What: Shares of Matador Resources (NYSE:MTDR) sank 13.4% in June despite several bullish notes from analysts.
So what: After bottoming out in mid-January at around $13 a share, Matador Resources' stock rallied along with crude this spring before hitting a ceiling just under $25 per share in early June. That top coincided with oil leveling off at around $50 a barrel, knocking the wind out of Matador Resources' sails.
Analysts, however, think that the stock has further to run even though oil seems to be stuck around $50 a barrel. Sterne Agee CRT was the first one out the gate with a bullish report after it initiated coverage on Matador in early June, rating it a buy and setting a $29 price target. Its analysts were impressed by Matador's moderate leverage and exposure to the emerging Delaware Basin, which is why it thought the driller should trade at a premium to its peer group.
A couple of weeks later, Barclays also initiated coverage on Matador and cited similar positives for rating the stock equal weight and setting a $23 price target. That was followed a week later by an upgrade from hold to buy at Stifel, which has a $25 price target. Stifel's upgrade cited Matador's valuation, its record for generating high wellhead returns in the Permian, and its belief that the company can solve its funding gap by selling assets.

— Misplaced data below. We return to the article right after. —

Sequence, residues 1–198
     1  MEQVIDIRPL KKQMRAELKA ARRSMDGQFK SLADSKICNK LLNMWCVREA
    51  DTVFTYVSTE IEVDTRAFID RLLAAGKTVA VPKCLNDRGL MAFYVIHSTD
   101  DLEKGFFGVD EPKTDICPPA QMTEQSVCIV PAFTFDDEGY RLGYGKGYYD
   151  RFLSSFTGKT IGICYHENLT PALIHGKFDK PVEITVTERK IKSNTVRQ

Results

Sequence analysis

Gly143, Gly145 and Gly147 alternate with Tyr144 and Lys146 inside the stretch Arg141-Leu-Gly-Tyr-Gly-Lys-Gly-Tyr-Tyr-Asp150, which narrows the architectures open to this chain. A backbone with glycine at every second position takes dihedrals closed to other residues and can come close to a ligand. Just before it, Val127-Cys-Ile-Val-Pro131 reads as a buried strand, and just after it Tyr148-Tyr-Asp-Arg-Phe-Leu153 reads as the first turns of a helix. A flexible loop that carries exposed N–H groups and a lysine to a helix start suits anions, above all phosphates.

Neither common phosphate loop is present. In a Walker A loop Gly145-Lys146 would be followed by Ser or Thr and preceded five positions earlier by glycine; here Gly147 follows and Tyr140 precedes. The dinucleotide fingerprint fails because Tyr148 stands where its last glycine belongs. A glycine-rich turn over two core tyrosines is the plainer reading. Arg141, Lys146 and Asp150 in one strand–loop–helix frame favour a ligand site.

Several analysts believe that Matador Resources will sell its midstream assets before the end of the year to close its financing gap. That decision would certainly follow the pattern in the sector over the past few years. Just this week, Sanchez Energy (NYSE:SN) sold its stake in an Eagle Ford shale midstream asset for $37 million to boost its liquidity. What's noteworthy about that deal is that Sanchez had only invested $26 million in that asset to date, so it was able to unlock $11 million in created value. Before that transaction, Sanchez sold $345 million in midstream assets to raise cash last fall.
Now what: Matador Resources had a down month, but analysts see better days ahead. In particular, they expect the company to unlock the value of its midstream assets to fund its lucrative drilling program in the Permian. Such a transaction could restart the company's stock price rally even if crude prices stay static.
Matt DiLallo has no position in any stocks mentioned. The Motley Fool has no position in any of the stocks mentioned. Try any of our Foolish newsletter services free for 30 days. We Fools may not all hold the same opinions, but we all believe that considering a diverse range of insights makes us better investors. The Motley Fool has a disclosure policy.